Our “In the Spirit” benefit concert at Manhattan’s Town Hall October 24 was a beautiful, moving occasion. Under the artistic direction of composer Philip Glass, it celebrated the Institute’s 10th anniversary by presenting virtuoso musicians from Africa, China, South Asia, the Middle East and the West to an audience of over 1000 people who shared an intense experience and felt like a community. In his interview on WNYC’s “Leonard Lopate Show,” Glass describes his concept for the concert: it had to be global, embracing and bridging diverse cultural and spiritual traditions, reflecting the Garrison Institute’s inclusive, syncretic approach. He chose the name “In the Spirit” in honor of the late Lex Hixon, American Sufi author, poet, spiritual teacher and longtime host of the “In the Spirit” radio program on WBAI.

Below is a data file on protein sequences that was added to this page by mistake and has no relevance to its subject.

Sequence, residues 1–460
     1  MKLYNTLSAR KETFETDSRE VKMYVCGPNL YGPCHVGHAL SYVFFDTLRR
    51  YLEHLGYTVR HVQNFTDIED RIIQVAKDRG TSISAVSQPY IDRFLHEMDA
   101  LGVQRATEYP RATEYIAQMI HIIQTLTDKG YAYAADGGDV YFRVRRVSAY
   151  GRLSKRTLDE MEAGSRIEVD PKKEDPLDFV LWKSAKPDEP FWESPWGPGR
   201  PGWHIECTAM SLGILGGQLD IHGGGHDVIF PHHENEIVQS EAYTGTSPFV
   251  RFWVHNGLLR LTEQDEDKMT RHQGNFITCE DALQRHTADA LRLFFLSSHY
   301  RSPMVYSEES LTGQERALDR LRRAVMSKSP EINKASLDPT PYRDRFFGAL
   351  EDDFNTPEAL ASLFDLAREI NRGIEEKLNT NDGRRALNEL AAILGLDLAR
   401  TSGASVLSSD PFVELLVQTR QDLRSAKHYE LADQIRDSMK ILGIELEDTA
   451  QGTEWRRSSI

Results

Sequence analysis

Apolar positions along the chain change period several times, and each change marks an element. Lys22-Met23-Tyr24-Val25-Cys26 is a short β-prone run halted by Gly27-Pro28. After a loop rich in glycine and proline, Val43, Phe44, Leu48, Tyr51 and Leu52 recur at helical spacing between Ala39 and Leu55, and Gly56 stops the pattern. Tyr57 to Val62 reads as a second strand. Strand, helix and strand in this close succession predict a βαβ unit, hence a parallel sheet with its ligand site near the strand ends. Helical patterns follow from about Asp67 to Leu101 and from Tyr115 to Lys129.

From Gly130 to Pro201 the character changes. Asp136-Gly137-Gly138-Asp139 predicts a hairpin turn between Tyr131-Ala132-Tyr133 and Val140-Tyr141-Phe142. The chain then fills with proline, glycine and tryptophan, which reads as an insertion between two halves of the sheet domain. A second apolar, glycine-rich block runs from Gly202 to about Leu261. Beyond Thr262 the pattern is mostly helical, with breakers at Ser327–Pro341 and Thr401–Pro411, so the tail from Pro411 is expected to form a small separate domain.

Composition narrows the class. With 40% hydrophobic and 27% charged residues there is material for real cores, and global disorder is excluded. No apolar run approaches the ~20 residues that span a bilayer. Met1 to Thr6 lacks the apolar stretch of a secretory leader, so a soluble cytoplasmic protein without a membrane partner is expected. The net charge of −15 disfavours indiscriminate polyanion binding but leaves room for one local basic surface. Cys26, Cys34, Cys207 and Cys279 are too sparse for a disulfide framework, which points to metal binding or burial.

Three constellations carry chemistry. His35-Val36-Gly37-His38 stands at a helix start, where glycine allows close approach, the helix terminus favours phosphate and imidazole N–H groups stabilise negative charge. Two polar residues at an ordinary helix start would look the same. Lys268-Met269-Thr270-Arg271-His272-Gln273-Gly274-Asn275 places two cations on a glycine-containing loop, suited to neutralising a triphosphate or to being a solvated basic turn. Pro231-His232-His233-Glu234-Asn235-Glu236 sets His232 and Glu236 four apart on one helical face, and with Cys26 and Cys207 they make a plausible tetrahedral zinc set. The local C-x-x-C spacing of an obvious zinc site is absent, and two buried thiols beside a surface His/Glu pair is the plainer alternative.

Glass’s WNYC interview about the concert was a kind of intellectual/aesthetic smorgasbord, reflecting on his apprenticeship to Ravi Shankar before Shankar met the Beatles, how Glass continues to learn from world musicians, how the myth of Orion (punished by Zeus with daytime blindness but left with nighttime vision) symbolizes the blindness and insight of artists, how Sufi ecstatic qawwali music shares a call-and-response structure with gospel music, and how the Garrison Institute connects diverse contemplative traditions and ideas and brings them to bear on social change.